control processes in Brazil.
    Philips would not discuss ex-employee Masiero or the
circumstances surrounding his dismissal.
    Brazil's Health Ministry did not respond to requests for
comment.
    
    HEALTHCARE IN THE CROSSHAIRS
    Philips is now among the targets in a widening investigation
into medical contracting graft in Brazil that authorities say is
still in its early stages, and which has sparked additional
probes by U.S. law enforcement.
    Masiero is cooperating with Brazilian prosecutors. They
allege Philips and other multinationals conspired with
intermediaries to pay bribes for public contracts, charging
Brazil's state healthcare system inflated prices to recoup the
cost of the kickbacks. Twenty four people were charged last year
in connection with the alleged scheme. All are currently on
trial in Rio de Janeiro.              
    Germany's Siemens AG            and the American firms
Johnson & Johnson        , General Electric Co        and
Stryker Corp        , all major manufacturers of medical
devices, have been swept up in the probe.
    Johnson & Johnson, Siemens and GE declined to comment. They
previously denied wrongdoing and said they were cooperating with
the investigation. Stryker said it was committed to working in
an ethical manner and that it was unable to comment further.
    In the United States, the FBI, Department of Justice and the
Securities and Exchange Commission have launched their own
investigations into suspected corruption in sales of medical
equipment in Brazil as well as China, according to people with
knowledge of the matter.                          
    The whistleblower Masiero said he is cooperating with all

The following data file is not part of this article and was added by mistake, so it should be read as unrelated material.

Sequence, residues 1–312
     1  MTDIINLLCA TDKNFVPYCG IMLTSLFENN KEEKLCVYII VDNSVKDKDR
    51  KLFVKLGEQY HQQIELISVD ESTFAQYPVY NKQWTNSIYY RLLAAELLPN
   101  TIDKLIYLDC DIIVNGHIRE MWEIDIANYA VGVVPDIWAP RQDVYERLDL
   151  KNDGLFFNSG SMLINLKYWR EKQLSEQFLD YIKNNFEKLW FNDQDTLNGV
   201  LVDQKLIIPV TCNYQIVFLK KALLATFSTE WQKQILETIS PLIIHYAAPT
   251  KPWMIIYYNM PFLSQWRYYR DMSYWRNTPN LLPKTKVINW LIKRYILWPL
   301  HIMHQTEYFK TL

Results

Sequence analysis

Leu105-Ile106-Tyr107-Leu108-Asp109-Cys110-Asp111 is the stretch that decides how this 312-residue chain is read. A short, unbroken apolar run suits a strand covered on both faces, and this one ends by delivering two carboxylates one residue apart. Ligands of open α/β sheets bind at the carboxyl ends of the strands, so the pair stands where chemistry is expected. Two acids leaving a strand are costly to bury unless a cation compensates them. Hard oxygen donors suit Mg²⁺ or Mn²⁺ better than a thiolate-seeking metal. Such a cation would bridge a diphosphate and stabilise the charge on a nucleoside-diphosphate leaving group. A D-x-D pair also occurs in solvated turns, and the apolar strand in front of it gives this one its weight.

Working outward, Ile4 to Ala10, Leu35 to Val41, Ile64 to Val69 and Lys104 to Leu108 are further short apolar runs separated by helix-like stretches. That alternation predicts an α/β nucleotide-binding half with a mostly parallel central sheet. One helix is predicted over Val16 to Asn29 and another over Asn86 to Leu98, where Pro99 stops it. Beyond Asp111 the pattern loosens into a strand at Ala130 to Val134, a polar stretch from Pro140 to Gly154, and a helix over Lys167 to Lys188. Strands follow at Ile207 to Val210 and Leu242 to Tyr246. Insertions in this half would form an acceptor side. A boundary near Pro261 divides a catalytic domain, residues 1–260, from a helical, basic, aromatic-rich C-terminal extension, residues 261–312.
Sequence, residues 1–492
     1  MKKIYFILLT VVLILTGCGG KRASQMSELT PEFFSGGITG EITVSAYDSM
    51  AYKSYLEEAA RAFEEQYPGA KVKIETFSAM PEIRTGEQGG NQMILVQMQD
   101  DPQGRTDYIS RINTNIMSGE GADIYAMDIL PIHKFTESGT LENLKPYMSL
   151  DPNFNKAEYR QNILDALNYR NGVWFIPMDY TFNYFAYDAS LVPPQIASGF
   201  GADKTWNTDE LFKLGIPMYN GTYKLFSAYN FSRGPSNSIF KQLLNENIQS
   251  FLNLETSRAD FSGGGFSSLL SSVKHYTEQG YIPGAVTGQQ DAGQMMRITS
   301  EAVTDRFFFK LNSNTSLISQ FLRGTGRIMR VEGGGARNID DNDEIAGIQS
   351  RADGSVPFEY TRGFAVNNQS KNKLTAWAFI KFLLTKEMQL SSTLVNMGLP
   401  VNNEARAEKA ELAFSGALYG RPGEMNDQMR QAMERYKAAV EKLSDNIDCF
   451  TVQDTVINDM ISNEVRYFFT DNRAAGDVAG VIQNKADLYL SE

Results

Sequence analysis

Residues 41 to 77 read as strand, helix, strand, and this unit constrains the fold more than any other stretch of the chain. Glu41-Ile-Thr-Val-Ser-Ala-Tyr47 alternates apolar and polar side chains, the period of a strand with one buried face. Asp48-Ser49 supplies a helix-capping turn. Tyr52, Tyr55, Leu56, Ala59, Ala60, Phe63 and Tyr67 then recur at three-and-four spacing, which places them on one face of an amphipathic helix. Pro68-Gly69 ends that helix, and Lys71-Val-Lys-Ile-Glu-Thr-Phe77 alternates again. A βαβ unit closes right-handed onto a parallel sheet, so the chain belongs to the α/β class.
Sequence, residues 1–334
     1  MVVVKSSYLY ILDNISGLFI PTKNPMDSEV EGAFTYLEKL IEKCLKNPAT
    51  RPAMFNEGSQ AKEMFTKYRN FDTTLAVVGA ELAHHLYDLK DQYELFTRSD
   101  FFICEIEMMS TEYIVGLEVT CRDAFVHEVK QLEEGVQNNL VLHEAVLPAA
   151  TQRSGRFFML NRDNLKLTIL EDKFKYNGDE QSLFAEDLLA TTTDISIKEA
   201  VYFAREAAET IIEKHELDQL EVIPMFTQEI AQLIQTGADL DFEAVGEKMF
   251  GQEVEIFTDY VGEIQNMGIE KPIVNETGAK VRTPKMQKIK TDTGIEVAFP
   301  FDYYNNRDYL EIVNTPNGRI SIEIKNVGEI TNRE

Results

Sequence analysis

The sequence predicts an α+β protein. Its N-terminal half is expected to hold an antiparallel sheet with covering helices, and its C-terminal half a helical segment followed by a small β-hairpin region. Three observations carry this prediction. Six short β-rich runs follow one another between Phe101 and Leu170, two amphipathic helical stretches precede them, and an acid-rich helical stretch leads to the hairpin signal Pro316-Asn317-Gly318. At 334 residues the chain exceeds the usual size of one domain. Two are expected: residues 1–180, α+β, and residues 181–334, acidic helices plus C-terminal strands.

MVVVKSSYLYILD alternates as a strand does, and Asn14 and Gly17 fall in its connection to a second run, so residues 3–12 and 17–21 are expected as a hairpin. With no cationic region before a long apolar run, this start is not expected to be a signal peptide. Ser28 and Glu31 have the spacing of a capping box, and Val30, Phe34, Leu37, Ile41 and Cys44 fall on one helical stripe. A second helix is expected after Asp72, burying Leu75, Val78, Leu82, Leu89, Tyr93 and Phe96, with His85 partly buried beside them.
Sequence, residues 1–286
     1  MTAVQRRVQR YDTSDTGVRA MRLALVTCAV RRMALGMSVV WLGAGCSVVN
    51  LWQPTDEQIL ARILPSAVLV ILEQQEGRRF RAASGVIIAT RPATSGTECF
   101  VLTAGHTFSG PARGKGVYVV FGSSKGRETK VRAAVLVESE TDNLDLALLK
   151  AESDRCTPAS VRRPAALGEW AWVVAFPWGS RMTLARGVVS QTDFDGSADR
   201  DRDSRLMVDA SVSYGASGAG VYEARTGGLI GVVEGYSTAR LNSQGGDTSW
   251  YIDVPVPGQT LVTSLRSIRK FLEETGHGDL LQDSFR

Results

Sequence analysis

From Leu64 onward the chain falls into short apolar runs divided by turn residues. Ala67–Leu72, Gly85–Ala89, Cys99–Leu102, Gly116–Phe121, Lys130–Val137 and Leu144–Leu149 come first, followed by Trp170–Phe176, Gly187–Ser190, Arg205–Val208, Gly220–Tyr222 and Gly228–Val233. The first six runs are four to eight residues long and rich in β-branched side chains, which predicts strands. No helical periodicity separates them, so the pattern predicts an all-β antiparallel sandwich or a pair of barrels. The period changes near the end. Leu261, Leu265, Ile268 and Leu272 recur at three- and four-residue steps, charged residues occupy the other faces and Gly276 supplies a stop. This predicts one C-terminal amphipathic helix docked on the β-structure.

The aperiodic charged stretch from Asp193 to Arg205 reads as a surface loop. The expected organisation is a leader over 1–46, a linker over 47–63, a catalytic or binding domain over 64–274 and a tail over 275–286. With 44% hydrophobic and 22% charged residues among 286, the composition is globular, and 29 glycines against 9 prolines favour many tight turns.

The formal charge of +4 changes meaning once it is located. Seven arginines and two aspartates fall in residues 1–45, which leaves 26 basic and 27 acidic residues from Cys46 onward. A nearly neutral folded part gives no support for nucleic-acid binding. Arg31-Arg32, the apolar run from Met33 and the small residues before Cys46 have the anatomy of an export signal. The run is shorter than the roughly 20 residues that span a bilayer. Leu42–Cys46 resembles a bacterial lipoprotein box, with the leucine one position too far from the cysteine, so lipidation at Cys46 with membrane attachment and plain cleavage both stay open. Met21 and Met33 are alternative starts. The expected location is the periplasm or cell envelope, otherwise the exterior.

those agencies, an assertion confirmed in emails viewed by
Reuters. The Justice Department, SEC and FBI all declined to
comment.
    Philips told Reuters it is "reviewing" inquiries from the
Justice Department and SEC in connection with the Brazil probe.
    
    MYSTERIOUS MIDDLEMAN
    Now 52, Masiero was hired in 2006 to be Dixtal's exports
manager, rising to become the top logistics and supply chain
executive for the Sao Paulo-based medical device firm in early
2009. Philips purchased Dixtal in 2008.
    In early 2010, Masiero noticed what he considered
irregularities with three large contracts awarded by Brazil's
Health Ministry. The deals, one for 750 Philips heart
defibrillators, the others for a total of 3,972 Dixtal
vital-signs monitors, were worth a combined 68.9 million reis
(about $40 million at the time), government records show.
    Masiero said he found it odd that Philips did not compete
directly for such a major piece of business. Neither Philips or
Dixtal submitted bids, according to government records of tender
competitors viewed by Reuters.